I’ve always been interested in semiotics, but I find most discussions of it ridiculously abstract and off-putting. Then one day I’m searching for something random (“images of cartoon hands”) and Google lands me on this Semiotics for Beginners page. It is what it says: an introduction, lucid and enjoyable, to the quicksand world of semiotics. I particularly liked this section on modality and representation. In my essay on protein synthesis and the meaning of life, I talk about the general concept of meaning (what does meaning mean?) and the human urge to attach magical meaning to language. This is the realm of semiotics, and this website is a great introduction to the topic, including a discussion of Magritte’s famous painting of a non-pipe. As the author of the site, Daniel Chandler, says:
Any representation is more than merely a reproduction of that which it represents: it also contributes to the construction of reality… Even if we do not adopt the radical stance that ‘the real world’ is a product of our sign systems, we must still acknowledge that there are many things in the experiential world for which we have no words and that most words do not correspond to objects in the known world at all. Thus, all words are ‘abstractions’, and there is no direct correspondence between words and ‘things’ in the world.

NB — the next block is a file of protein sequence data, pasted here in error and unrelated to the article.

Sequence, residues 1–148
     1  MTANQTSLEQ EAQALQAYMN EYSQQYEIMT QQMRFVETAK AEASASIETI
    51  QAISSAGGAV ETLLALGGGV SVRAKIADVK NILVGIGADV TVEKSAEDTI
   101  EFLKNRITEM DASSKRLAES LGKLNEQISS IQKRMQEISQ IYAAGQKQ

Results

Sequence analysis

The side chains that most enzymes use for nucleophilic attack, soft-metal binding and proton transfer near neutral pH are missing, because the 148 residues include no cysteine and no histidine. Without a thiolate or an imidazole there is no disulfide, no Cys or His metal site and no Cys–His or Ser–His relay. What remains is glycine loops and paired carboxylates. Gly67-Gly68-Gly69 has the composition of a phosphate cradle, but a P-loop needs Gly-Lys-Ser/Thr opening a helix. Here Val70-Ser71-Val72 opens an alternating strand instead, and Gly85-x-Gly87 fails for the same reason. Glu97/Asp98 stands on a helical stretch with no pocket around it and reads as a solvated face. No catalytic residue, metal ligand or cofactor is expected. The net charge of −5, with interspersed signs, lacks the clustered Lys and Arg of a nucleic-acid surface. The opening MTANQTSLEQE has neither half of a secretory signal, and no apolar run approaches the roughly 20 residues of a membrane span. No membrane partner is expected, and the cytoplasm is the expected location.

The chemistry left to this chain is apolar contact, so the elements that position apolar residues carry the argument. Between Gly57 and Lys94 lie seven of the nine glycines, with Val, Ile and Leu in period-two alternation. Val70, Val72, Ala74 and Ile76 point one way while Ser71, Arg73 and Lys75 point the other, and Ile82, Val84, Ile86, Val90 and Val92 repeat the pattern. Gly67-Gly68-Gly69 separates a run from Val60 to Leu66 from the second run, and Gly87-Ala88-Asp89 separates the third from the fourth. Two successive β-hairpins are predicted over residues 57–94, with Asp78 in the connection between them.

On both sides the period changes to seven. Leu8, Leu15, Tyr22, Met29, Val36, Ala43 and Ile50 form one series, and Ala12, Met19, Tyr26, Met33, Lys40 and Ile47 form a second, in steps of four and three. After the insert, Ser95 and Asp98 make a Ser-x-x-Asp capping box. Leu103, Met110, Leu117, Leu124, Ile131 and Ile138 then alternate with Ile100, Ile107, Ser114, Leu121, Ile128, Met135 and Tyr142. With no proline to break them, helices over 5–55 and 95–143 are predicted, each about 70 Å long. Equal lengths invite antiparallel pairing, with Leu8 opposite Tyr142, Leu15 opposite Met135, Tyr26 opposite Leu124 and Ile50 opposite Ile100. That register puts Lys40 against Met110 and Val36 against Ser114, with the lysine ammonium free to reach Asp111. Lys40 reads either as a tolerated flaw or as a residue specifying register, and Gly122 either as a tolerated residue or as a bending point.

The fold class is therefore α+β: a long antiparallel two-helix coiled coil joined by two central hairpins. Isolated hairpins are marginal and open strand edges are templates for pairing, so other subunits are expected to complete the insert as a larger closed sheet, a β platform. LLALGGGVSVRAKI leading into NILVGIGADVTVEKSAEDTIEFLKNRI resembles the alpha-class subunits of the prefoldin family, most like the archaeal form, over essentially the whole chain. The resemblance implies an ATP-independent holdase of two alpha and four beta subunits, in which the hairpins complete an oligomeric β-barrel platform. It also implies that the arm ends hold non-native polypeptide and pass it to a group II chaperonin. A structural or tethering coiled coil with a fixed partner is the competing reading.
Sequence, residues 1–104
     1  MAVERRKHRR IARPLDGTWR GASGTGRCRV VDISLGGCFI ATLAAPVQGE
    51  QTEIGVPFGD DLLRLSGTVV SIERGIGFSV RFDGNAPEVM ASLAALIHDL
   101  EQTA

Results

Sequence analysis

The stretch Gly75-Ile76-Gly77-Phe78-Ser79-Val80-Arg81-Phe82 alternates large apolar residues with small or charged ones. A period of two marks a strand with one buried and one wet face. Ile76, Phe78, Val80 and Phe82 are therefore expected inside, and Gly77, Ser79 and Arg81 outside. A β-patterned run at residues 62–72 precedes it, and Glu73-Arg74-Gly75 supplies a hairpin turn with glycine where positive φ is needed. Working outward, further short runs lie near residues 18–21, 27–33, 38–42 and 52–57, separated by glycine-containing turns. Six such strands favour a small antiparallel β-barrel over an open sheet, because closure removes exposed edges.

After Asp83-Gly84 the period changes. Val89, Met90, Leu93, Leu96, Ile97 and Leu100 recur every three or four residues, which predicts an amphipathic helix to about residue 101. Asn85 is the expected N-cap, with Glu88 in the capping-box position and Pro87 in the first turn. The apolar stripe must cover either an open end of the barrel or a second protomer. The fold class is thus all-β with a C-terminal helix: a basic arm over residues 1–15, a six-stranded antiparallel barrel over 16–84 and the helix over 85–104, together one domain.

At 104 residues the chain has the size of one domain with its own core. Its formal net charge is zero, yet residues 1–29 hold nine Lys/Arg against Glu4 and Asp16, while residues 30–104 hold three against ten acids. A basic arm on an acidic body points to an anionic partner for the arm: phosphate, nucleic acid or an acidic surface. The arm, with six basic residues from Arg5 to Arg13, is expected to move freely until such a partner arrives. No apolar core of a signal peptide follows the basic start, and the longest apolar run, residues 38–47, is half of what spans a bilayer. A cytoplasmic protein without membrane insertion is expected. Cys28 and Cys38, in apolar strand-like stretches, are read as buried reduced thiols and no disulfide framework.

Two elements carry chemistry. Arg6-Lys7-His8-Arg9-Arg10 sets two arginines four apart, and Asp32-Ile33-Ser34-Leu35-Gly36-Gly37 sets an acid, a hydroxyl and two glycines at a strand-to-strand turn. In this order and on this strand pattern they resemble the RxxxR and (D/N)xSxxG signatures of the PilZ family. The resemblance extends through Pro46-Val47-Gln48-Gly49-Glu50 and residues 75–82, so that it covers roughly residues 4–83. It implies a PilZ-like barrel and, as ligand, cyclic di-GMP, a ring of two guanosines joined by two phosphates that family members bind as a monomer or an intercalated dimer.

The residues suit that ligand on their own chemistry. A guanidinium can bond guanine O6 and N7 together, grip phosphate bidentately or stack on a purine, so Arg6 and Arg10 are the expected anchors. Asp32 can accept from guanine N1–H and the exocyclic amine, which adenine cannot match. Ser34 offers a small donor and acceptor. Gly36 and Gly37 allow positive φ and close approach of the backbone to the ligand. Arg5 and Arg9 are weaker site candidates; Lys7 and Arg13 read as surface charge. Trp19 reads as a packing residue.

What is amazing and wonderful is that any such correspondence arose at all.